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The DSMDC is a group of Metal Detecting enthusiasts who meet monthly to share their treasure finds with fellow members and discuss some of their tips and tricks of the trade.
Arizona Gold Adventures Inc has expanded its gold prospecting school by partnering with Arizona Outback LLC, to instruct clients wishing to learn how to metal detect for gold nuggets. Arizona Outback is one of the nation's leading suppliers of metal detector technology and has served the gold prospecting and treasure hunting community since 1998.
Arizona Outback metal detecting instructors travel the world using the metal detecting technology they train with, and are accredited Minelab Metal Detector experts.
For more information on Arizona Outback LLC, located in Prescott Valley, Arizona, call Chris Gholson at 928-777-0267 or, visit them at http://www.ArizonaOutback.com.
About Arizona Gold Adventures Inc. Arizona Gold Adventures Inc. headquartered in White Plains, NY, is the leading provider of guided, fully equipped and outfitted instructional gold prospecting day trips and vacations in the state of Arizona. Call Terry Soloman at 914-589-3985 for more information or visit us at: http://www.ArizonaGoldAdventures.com. Source: SBWire
Across the Pond our British mental detecting friends are always finding really great stuff.
We all know that Britain has a log storied past. The Romans invaded in 43 AD and stayed until about 409 AD, during that time London was called Londinium.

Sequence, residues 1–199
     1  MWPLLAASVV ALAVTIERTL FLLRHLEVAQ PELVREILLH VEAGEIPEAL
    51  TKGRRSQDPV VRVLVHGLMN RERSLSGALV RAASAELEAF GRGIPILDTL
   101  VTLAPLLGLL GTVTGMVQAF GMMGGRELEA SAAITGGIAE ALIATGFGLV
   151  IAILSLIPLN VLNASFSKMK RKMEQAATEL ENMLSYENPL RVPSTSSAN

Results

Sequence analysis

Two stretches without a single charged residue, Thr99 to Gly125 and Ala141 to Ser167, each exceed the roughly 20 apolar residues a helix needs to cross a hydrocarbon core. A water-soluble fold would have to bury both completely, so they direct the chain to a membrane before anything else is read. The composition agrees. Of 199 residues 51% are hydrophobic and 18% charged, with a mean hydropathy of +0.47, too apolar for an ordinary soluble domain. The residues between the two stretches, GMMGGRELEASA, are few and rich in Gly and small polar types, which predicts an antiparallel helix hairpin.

It is not unusual to run across stories of a metal detectorist's finding some important historical artifacts in the local countryside.
This gold coin was found in a field and is expected to sell at auction for about $50,000
Found by a metal detecting enthusiast, the coin dates from the reign of Emperor Licinius I. One of only four known examples, the coin was struck for the emperor in AD 313 to distribute at special occasions.
The enthusiast, who wants to remain anonymous, thought it was aluminum foil when he first pulled it out of the mud. On the day it was discovered, the enthusiast said he was heading to a dig organized by his metal detecting club in South Wiltshire in the UK. He arrived late late and he missed the club meeting, rather than waste the day he decided to stop at another site in the county on his way home.
After an hour and a half of trudging through rain and mud, he headed back to his car. He had not had a single signal for about 15 minutes when he got a slight response, one that any detectorist will tell you is probably not worth digging. However having had so very few signals for a while, he decided to dig it up anyway. Six inches down he dug out a chunk of earth and sticking out of the side was the unmistakable glint of gold. Just 0.8in in diameter and weighing 0.2 ounces, it bears the head of Licinius I on one side and depicts him standing between two captives holding a spear on the other. Above is the triumphant slogan 'ubique victores' - 'everywhere victories'.
The three other known examples of this type are in The British Museum, the Hunterian Museum in Glasgow and the Ashmolean Museum in Oxford. Source: BBC News